Chris Stradling: Regardless of what sector your portfolio serves, it would be prudent to invest now in a good infrastructure to serve the high-growth areas. For example, in a slowing economy, home and houseware sales overall may flatten or even decline, but if a company is well equipped to sell through e-commerce channels, they will perform measurably better than the overall market in a downturn. Or a company supplying automotive parts or services may invest in its aftermarket expertise now as that is where there will be growth if new car sales were to slow. Most business leaders have a good instinct for where the growth areas for their specific industry will be in a downturn, but fewer execute and invest sufficiently to be best positioned when the slowdown occurs.
Given the broader macroeconomic and market backdrop, many dealmakers and service providers are looking to identify which businesses could exhibit (or are already exhibiting) the most recession resilience. Can you describe what you’re seeing in your respective sectors that indicate that an economic slowdown won’t slow M&A activity?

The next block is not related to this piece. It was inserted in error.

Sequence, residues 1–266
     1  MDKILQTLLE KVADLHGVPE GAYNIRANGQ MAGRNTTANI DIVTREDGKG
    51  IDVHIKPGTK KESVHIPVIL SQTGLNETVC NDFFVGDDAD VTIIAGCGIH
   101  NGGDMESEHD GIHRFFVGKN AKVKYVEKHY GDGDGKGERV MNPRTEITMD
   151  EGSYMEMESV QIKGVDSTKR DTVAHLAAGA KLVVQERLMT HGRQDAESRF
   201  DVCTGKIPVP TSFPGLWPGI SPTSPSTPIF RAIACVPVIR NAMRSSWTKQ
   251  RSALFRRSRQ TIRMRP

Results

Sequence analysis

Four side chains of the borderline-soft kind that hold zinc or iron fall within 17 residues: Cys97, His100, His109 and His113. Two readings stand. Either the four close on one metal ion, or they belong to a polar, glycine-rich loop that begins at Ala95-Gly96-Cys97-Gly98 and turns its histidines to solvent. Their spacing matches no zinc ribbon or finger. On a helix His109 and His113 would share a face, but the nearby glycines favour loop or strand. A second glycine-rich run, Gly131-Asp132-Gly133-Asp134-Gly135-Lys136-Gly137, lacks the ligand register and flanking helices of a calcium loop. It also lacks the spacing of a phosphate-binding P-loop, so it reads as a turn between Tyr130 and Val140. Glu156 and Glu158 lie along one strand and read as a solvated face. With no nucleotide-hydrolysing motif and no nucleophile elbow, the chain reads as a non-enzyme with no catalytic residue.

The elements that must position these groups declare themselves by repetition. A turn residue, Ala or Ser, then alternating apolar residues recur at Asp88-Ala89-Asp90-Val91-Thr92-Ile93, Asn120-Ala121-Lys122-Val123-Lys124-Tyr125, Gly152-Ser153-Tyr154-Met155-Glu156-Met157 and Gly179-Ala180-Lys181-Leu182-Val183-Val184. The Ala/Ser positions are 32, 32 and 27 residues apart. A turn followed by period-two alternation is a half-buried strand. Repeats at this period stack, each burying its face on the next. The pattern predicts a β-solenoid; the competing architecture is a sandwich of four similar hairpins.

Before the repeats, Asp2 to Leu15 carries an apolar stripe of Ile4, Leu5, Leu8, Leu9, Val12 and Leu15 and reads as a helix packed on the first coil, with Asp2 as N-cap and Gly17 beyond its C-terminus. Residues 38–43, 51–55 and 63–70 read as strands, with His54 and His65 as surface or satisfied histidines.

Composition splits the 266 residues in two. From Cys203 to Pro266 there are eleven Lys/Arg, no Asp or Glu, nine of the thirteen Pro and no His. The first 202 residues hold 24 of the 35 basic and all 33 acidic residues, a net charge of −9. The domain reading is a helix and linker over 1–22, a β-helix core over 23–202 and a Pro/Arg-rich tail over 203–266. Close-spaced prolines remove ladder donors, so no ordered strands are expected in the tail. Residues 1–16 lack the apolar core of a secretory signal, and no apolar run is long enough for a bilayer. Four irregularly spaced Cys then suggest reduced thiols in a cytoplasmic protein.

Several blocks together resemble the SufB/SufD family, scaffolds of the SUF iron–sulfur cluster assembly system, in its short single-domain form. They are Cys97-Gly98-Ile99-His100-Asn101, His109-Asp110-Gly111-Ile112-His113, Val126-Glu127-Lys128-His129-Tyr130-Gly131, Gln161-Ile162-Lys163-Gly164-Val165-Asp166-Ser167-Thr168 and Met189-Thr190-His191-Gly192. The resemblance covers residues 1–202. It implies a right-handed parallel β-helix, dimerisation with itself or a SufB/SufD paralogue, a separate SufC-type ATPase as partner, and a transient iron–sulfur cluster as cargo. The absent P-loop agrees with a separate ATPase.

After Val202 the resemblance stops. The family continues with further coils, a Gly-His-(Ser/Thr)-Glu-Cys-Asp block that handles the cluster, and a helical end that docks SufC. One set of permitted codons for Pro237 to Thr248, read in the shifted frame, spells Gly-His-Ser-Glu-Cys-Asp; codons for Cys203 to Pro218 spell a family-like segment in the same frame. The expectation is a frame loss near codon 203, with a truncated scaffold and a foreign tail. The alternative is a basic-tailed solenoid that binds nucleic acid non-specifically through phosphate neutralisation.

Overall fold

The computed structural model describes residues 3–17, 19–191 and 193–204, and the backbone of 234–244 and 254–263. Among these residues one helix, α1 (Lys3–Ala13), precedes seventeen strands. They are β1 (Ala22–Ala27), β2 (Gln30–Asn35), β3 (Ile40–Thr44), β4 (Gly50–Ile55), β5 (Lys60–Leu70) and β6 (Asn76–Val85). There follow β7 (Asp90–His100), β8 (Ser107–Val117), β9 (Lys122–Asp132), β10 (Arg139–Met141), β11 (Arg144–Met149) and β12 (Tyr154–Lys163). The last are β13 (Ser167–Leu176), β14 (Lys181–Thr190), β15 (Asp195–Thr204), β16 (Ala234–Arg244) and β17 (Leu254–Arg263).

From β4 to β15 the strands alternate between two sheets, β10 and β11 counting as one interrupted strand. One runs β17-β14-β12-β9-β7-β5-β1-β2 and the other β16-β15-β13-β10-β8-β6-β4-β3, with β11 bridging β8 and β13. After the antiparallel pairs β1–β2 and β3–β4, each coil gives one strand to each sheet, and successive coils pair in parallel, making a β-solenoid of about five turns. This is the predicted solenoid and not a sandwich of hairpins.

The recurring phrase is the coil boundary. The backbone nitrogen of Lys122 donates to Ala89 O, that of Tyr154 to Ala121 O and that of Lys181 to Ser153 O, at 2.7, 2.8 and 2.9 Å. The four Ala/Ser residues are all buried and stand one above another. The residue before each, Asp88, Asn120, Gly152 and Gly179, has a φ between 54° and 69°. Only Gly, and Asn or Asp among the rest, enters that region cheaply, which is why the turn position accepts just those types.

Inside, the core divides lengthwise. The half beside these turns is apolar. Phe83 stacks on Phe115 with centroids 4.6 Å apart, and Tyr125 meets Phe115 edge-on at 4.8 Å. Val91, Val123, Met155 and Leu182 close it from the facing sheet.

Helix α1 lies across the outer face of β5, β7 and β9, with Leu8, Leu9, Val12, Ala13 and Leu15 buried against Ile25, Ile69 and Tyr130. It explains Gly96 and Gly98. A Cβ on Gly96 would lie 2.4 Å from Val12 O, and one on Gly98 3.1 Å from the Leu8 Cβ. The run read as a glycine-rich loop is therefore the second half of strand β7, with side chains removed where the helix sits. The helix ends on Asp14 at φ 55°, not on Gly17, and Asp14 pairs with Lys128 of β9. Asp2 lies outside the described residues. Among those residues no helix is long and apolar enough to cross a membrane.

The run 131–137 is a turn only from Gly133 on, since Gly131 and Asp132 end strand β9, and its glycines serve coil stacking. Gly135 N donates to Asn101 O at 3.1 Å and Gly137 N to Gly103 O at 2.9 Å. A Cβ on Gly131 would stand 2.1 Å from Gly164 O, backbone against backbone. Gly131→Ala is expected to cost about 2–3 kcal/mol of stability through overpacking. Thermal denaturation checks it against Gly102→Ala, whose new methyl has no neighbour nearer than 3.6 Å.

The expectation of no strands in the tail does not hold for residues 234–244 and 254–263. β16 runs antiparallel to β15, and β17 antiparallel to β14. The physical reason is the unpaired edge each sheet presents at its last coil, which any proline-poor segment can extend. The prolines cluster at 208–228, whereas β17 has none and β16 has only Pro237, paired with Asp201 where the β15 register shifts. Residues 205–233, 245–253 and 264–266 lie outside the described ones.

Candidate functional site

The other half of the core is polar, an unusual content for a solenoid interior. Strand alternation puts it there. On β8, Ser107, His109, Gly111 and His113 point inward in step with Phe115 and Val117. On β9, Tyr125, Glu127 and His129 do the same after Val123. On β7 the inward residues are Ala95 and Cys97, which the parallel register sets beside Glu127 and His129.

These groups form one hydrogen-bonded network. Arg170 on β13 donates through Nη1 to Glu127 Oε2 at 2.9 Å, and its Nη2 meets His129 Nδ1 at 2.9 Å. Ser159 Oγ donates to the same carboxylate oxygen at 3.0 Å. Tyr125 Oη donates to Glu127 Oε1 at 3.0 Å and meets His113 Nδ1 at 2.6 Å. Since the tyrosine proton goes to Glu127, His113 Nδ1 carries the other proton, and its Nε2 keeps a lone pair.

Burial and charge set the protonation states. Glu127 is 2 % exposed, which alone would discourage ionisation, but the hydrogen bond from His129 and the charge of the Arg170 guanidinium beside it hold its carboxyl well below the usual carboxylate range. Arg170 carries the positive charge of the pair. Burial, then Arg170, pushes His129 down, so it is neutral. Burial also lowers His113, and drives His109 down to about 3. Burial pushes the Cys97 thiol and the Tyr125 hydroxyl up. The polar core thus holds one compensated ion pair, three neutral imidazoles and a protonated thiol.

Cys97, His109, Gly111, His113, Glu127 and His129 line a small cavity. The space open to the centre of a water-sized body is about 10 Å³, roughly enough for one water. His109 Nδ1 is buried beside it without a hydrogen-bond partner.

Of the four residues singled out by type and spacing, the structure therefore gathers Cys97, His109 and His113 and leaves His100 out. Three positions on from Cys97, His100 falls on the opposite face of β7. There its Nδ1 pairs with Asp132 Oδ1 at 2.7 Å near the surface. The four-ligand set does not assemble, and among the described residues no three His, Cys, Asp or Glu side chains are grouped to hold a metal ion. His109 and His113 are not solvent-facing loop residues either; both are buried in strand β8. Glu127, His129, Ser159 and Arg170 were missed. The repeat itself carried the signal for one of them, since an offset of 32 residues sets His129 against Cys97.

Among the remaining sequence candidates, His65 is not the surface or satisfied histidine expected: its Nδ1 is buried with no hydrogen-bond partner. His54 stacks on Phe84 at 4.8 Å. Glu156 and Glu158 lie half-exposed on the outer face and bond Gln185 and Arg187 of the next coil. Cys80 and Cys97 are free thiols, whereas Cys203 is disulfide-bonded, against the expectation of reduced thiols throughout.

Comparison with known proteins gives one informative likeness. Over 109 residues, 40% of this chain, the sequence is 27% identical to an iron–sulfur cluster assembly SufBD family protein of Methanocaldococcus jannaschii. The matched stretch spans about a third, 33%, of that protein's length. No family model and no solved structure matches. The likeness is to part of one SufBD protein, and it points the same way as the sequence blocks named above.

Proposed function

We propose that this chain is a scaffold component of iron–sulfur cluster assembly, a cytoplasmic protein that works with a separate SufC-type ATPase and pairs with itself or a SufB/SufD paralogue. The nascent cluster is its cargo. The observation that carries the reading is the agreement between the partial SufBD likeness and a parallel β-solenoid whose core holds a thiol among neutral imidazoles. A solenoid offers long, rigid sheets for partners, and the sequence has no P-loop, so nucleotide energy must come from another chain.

Brad: The Great Recession was unique in the number of sectors of the economy that fell into a recession as well as its magnitude. We, and many economists that I have read, don’t expect any future economic slowdown to be as drastic in its impact and duration. One of the reasons is that the sectors of the economy are generally not as correlated as they were last time. We see that now, as certain sectors are already exhibiting the impact of a recession while others are performing strong. The same shows through in M&A activity. An example of this is distributors serving the automotive end market, where companies serving the automotive aftermarket are in high demand versus those serving the OEMs.